96w ago - Version2Games President Rajat Ojha has posted up a video today spotlighting Smash 'N' Survive and discussing their plans to overhaul vehicular combat.
To quote: The simulation industry has long been closely associated with game technologies and history seems to be repeating itself: India's number one simulation development company, Zen Technologies Limited, has decided to venture into game development and digital publishing with Version2Games Limited, a wholly owned subsidiary of Zen Technologies Limited. Our vision is to put India on the console gaming map.
I am thrilled to announce Version2Games' first title Smash 'N' Survive, coming to PlayStation Network for $14.99. The core gameplay of Smash 'N' Survive revolves around vehicle combat – it seems we're in the midst of quite a vehicle-combat revival!
But Smash 'N' Survive features several innovations such as a physics-based tornado into which you can push your enemies. This tornado is not the only environmental weapon: You'll find catapults, crushers and other hazards scattered around the maps, and you can use them to annihilate your opponents.
106w ago - Previously the EFF (Electronic Frontier Foundation) reported on the Sony / GeoHot PS3 case, and now they are seeking (PDF) to widen exemptions won in the last DMCA rulemaking to allow for the JailBreaking of smartphones, electronic tablets, and video game consoles including the PlayStation 3 system.
To quote: Copyright Office Should Expand Legal Protections for JailBreakers and Video Artists
San Francisco - The Electronic Frontier Foundation (EFF) urged the U.S. Copyright Office today to renew and expand the critical exemptions to the Digital Millennium Copyright Act (DMCA) granted last year in response to EFF's requests to protect the rights of American consumers who modify electronic gadgets and make remix videos.
In the exemption requests filed today, EFF asked the Copyright Office to protect the "jailbreaking" of smartphones, electronic tablets, and video game consoles – liberating them to run operating systems and applications from any source, not just those approved by the manufacturer. EFF also asked for legal protections for artists and critics who use excerpts from DVDs or downloading...
To quote: A bill modeled after the Digital Millennium Copyright Act in the U.S. was introduced in Canada last year but died before it could be passed when the government called an election.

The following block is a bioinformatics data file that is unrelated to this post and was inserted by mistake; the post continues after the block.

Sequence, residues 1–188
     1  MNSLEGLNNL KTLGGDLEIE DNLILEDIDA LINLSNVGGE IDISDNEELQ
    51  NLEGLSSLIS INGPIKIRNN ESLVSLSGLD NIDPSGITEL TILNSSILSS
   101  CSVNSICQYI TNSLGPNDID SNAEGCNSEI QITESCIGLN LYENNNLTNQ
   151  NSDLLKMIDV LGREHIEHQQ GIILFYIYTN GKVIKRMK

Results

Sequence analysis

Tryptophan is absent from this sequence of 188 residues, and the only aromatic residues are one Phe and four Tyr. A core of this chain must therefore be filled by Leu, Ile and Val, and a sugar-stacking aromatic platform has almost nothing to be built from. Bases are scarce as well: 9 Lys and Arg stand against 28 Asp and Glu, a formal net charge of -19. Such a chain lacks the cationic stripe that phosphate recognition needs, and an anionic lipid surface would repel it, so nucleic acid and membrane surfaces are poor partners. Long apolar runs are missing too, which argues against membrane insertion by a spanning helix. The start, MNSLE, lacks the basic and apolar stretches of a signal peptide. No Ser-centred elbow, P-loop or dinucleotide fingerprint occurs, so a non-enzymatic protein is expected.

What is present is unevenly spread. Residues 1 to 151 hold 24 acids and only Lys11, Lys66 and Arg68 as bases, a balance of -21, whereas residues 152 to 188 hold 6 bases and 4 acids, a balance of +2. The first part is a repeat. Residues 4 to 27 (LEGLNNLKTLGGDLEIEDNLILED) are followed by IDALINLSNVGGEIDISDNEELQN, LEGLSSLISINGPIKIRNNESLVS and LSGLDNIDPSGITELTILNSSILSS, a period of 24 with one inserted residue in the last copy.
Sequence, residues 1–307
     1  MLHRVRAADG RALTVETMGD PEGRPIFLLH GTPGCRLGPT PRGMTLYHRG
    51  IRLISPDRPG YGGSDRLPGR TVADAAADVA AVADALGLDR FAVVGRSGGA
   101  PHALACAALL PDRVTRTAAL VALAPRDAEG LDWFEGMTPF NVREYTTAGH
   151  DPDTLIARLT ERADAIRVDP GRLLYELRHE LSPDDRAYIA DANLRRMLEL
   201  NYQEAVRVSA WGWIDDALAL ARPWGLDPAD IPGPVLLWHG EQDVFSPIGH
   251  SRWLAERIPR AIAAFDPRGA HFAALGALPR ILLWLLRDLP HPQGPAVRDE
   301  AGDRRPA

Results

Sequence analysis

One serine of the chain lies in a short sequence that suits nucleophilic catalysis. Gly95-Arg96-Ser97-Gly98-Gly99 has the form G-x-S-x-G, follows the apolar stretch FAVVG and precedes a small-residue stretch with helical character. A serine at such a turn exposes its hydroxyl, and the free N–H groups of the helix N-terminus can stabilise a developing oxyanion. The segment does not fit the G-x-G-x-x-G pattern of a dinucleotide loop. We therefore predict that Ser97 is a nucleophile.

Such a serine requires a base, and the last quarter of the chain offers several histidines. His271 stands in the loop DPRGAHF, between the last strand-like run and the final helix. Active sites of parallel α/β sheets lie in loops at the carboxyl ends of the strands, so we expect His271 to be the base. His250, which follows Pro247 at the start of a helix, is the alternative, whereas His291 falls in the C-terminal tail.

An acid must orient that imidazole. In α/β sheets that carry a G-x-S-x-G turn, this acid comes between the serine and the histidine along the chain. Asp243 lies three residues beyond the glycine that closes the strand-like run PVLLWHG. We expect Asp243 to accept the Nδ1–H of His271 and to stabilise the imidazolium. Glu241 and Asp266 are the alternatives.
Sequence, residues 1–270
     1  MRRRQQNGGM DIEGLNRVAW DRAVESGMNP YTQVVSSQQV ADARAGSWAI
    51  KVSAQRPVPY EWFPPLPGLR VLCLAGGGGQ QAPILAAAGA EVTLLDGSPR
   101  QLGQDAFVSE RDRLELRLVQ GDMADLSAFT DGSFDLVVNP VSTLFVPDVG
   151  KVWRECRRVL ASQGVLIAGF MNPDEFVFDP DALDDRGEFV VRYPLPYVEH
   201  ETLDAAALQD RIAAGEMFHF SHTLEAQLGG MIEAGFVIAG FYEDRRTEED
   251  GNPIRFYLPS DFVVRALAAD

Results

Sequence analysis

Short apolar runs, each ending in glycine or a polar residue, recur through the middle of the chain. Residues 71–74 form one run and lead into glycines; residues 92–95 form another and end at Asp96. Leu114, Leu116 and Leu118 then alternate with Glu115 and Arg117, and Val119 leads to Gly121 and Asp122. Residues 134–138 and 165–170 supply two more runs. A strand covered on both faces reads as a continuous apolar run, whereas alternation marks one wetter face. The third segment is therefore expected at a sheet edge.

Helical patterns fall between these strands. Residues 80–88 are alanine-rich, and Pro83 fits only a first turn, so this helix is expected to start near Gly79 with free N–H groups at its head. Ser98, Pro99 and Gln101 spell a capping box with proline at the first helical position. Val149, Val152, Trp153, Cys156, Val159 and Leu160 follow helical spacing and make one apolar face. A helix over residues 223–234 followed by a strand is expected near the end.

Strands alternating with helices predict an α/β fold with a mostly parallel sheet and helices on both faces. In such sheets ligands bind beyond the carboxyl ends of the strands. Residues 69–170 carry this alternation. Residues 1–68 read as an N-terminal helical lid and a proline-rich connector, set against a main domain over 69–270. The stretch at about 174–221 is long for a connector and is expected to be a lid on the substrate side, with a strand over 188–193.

Grassroots resistance to the bill was strong, with critics claiming it was overly restrictive and would leave individual citizens exposed to huge fines. Nonetheless, Parr called for similar legislation to be introduced "as soon as possible."
Among the changes called for by the ESAC is the right for the Canada Border Services Agency - what used to be called Customs - to seize goods they know to be pirated, something they cannot currently do without a court order, as well as stronger penalties, including jail time, for intellectual property crime and the outlawing of mod chips. "In Canada,...
262w ago - TechOn reports that Nintendo has been evaluating three-axis acceleration sensor samples from new suppliers that will be used in Wii controllers.
Sources say that Nintendo have been particularly interested in an acceleration sensor from Kionix as it makes it easier to enhance sensitivity.
To quote: Nintendo has been evaluating samples obtained from a number of acceleration sensor manufacturers other than ST and ADI, according to sources. Kionix Inc, a US-based venture firm, once attracted attention as a strong candidate.
Kionix was regarded as such because of the high reliability based on its past records of supplying sensors for hard disk devices, according to a source involved in the case. Also, Kionix's device has a structure different from its competitors: Its MEMS sensor is several times thicker than ADI's device, making it "easier to enhance sensitivity," according to engineers in the MEMS industry.
Nevertheless, Nintendo has not yet decided to change suppliers. Acceleration sensor manufacturers have to satisfy strict specification requirements in order to obtain a contract.
Pictured below is the layout of the acceleration sensor manufactured by Kionix.